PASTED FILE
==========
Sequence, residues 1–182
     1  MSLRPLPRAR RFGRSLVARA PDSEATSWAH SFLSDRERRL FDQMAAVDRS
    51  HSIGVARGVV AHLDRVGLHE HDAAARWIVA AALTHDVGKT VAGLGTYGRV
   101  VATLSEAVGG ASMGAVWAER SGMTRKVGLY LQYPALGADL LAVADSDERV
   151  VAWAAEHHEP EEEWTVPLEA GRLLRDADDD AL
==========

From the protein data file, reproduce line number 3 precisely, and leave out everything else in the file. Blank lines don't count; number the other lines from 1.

    51  HSIGVARGVV AHLDRVGLHE HDAAARWIVA AALTHDVGKT VAGLGTYGRV